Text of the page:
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Gertrude Morel saw personal fulfillment and satisfaction through her children, especially William and Paul.  When William died and her hopes for reflected tribute gone with his death, she turned her attentions exclusively to Paul.  He was more like her than any of her other children – sensitive, naturally refined, and intelligent – and saw in his future a vindication of her motherhood and a defiant success despite her ignorant husband.  The transference of ambition from mother to son was neither uncommon nor surprising.

When Paul comes of sexual age and begins to become interested in Miriam, Gertrude’s most deformed, selfish, and abusive desires are expressed.  It is not enough for her to promote, counsel, and encourage her son, but to ensure that he will never leave her; and through whining self-pity and and crass manipulation of her son’s feelings, she is determined to keep him all to herself.  He will never be shared, nor share his love for her with another.

This again is not necessarily Freudian but an expression of an unappealing, destructive, and dangerous woman.  Although Paul must take responsibility for who he is and not confer all blame on his mother, she did indeed encouraged his timidity, overweening sense of responsibility and duty, and unique devotion to her.  She played him, manipulated him, and destroyed any hope of his sexual or emotional maturity.

Although Lawrence wrote and published a few works before Sons and Lovers, it is really the first book in a series which progressively and more deeply discuss sexual dynamics.  The Rainbow, Women in Love, and Lady Chatterley’s Lover all deal with sexual will, sexual identity, and sexual purpose.  Sons and Lovers only begins to explore these themes but provides the foundation for understand his later work.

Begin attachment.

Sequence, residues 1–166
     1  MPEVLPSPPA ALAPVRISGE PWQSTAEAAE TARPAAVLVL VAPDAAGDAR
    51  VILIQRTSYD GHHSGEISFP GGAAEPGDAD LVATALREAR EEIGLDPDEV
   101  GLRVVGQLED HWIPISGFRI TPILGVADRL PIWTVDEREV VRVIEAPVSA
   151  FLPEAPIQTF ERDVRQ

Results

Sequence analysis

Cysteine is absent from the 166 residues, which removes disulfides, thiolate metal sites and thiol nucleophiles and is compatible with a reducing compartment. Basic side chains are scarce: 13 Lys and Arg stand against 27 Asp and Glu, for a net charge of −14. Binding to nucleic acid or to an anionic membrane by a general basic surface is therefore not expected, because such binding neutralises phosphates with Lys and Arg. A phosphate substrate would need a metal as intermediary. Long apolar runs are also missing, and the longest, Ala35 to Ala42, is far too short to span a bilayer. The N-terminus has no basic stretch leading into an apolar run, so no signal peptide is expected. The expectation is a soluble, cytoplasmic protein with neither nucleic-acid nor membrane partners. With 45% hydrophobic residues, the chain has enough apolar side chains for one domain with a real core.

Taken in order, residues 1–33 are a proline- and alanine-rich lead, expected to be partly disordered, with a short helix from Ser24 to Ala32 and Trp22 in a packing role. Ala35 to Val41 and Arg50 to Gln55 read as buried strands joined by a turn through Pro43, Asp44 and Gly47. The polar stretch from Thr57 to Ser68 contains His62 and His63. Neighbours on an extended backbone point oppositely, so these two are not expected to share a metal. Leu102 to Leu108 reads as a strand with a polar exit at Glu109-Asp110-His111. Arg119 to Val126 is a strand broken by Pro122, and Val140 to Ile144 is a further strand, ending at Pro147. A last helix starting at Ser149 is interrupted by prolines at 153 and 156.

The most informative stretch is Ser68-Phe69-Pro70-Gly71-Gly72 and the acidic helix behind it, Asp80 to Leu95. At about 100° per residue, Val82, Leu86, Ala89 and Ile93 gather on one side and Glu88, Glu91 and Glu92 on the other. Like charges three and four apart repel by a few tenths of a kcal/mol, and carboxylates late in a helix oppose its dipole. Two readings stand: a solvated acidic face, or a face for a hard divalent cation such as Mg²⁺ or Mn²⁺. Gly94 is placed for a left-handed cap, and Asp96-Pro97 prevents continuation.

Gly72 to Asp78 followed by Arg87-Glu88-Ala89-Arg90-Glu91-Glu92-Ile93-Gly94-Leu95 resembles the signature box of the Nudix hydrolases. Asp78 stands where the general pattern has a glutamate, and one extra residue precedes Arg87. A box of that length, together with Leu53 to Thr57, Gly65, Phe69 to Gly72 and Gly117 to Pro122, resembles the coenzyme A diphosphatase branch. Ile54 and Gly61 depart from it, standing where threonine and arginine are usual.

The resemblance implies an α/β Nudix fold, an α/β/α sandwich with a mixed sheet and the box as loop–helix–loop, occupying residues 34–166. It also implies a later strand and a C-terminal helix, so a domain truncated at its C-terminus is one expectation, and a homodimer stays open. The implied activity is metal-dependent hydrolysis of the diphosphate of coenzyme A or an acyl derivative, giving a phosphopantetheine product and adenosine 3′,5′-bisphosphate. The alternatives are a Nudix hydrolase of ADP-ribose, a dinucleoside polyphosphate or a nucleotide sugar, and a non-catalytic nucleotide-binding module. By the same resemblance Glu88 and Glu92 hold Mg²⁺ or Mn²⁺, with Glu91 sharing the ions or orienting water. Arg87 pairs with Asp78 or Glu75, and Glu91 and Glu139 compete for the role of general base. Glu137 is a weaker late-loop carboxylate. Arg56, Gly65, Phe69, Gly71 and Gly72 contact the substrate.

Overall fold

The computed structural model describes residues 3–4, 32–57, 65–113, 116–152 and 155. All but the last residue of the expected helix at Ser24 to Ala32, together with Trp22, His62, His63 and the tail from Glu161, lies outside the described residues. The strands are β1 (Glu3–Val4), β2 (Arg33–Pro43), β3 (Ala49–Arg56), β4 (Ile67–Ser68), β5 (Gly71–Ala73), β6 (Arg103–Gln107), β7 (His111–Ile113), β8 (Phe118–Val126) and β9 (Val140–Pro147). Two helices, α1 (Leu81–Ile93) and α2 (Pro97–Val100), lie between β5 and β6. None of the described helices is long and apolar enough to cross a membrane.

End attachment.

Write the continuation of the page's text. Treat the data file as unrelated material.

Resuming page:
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There are no women like Gertrude Morel in his succeeding books.  His women are all strong and determined but also mature; and their relationships, while often fragile and unsatisfying, are never overly demanding or punitive.

Sons and Lovers is far more than a Freudian tale because it exposes the damaging nature of too much love.  Love according to Lawrence was incidental and even irrelevant to the resolution of sexual dynamics.  Women and men both use love to dominate, manipulate, secure advantage, and control; and it should be suspect.  Romantic love was invented by Petrarch in the 14th century and the legacy of romantic ascription to sexual needs persists.  Playwrights from Shakespeare to Albee have repeated this theme and have dismissed the idea of idealistic love.  The best Albee was able to suggest was accommodation.  George and Martha (Who’s Afraid of Virginia Woolf) flay each other to the marrow working out their own sexual dynamics and at the end of the play, both beaten, helpless, and tired can only hope that with this complete annihilation of selves, there might be a chance of rebuilding their marriage.   Shakespeare ends all his Comedies with a happy marriage, but no one is fooled.  The women all married badly did so for security, status, and position.  If there were divorce, they would have been the first in court.  Ibsen, Strindberg, and Chekhov were no optimists when it came to love; and their women were realistic and resolute about how to secure a reasonable future.

There is indeed such a thing as too much love, and Lawrence’s story of the Morels is a good example.